I'm happy to share this public service announcement.
SAME COMPANY, SAME MISSION, DIFFERENT NAME
Greater Dallas Chamber becomes Dallas Regional Chamber
DALLAS (June 30, 2008)... The Greater Dallas Chamber is changing its name to the Dallas Regional Chamber. This name change better aligns the name with the mission.
The name change transition will begin July 14 and be fully integrated by the Chamber's 100th Anniversary Annual Meeting January 16, 2009.
The Chamber has served the region's economy for almost a century. By changing our name to Dallas Regional Chamber we better reflect the nature of our business and our members.
"Our Chamber has served the region for almost a century. Our new name, Dallas Regional Chamber, better reflects our business and members," said Robert A. Chereck, chairman, Dallas Regional Chamber.
Jan Hart Black, president, Dallas Regional Chamber commented, "We're excited about our new name. The mission and team remain the same."
The Chamber's physical and website address (www.dallaschamber.org) will remain the same.
The Dallas Regional Chamber promotes prosperity through public policy, economic development and member service.
I'm happy to share this public service announcement.
Posted by Alan Zeichick at 12:23 PM
The Windows NT kernel and architecture, which are at the heart of Windows XP and Windows Vista, are getting more bloated all the time. Packed with every conceivable feature, Windows is home to a huge numbers of different APIs and programming models, object formats and legacy shim layers.
Microsoft needs a reboot — a fresh Windows architecture that ditches the past, and looks toward the future. A clean, new architecture for Windows would be faster, safer, more stable and better for the future than the hodgepodge we have today.
That's a point I made in a pair of SD Times "Zeichick's Take" columns published in early 2006. You can read them on my blog, under "Break from the past."
I was happy to see a similar perspective published in the New York Times yesterday, where Randall Stross says that "Windows Could Use A Breath of Fresh Air." The San Jose State Univ. professor called the hypothetical next-generation operating system "Windows OS X," hearkening back to Apple's Mach-based Mac OS X 10.0 debut in 2001.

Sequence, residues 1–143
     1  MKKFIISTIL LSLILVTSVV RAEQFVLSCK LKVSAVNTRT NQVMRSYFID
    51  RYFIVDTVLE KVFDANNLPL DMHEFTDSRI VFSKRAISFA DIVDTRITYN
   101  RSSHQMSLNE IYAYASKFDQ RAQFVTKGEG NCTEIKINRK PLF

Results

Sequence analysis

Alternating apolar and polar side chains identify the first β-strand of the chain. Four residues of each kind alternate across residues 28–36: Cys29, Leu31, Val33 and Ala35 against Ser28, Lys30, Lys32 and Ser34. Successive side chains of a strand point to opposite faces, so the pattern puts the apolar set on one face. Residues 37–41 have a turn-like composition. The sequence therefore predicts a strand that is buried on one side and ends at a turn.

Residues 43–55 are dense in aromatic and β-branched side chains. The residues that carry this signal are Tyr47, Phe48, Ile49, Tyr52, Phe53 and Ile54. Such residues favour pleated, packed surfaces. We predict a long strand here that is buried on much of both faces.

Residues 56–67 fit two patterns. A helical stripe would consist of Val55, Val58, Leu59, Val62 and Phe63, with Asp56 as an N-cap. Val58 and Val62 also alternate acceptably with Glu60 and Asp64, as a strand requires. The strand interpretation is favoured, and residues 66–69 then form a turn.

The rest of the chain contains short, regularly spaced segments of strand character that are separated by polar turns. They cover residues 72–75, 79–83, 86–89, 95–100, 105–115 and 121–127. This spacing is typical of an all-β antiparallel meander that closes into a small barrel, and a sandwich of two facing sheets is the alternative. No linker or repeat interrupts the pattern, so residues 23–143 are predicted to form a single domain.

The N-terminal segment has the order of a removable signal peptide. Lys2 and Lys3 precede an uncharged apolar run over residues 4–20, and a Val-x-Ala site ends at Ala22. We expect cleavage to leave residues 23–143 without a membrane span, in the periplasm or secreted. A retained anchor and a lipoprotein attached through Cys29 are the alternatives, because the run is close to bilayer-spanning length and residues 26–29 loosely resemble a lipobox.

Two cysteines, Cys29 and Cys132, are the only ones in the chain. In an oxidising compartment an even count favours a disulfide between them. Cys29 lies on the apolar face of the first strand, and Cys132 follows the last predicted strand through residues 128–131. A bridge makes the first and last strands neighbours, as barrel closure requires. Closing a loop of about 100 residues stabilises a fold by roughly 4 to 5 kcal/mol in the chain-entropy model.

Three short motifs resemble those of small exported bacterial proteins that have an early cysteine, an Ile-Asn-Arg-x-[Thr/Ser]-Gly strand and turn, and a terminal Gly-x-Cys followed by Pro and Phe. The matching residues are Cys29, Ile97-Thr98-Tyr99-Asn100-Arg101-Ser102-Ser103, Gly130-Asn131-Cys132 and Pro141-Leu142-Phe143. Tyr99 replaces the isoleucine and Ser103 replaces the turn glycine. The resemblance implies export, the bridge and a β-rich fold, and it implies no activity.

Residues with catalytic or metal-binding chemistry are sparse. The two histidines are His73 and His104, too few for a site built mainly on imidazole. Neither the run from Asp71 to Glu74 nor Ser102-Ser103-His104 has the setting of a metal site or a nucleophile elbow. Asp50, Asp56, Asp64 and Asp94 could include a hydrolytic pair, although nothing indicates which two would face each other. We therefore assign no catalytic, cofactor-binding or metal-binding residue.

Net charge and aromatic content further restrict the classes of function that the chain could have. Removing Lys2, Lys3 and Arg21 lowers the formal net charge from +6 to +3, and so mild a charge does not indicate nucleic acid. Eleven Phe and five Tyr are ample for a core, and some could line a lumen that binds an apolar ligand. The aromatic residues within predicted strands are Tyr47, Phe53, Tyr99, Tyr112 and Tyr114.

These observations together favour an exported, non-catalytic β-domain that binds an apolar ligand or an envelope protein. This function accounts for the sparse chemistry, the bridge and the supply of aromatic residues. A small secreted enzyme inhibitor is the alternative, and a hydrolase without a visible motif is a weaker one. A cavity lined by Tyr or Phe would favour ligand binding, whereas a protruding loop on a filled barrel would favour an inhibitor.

Should Microsoft do this? Definitely. Will it happen? Undoubtedly. Will it be soon? No way.
Posted by Alan Zeichick at 10:24 AM
As of July 1 (tomorrow), it is illegal for a car driver to use a handheld phone in California, thanks to two new laws. The Calif. Dept. of Motor Vehicles has a wireless telephone laws FAQ. Here's an excerpt.
Q: What is the difference between the two laws?
A: The first prohibits all drivers from using a handheld wireless telephone while operating a motor vehicle, (Vehicle Code (VC) §23123). Motorists 18 and over may use a "hands-free device." Drivers under the age of 18 may NOT use a wireless telephone or hands-free device while operating a motor vehicle (VC §23124).
Q: Will there be a grace period when motorists will only get a warning?
A: No. The law becomes effective July 1, 2008. Whether a citation is issued is always at the discretion of the officer based upon his or her determination of the most appropriate remedy for the situation.
Q: Are passengers affected by this law?
A: No. This law only applies to the person driving a motor vehicle.
Q: Do these laws apply to out-of-state drivers whose home states do not have such laws?
Q: Can I be pulled over by a law enforcement officer for using my handheld wireless telephone?
A: Yes. A law enforcement officer can pull you over just for this infraction.
Q: What if my phone has a push-to-talk feature, can I use that?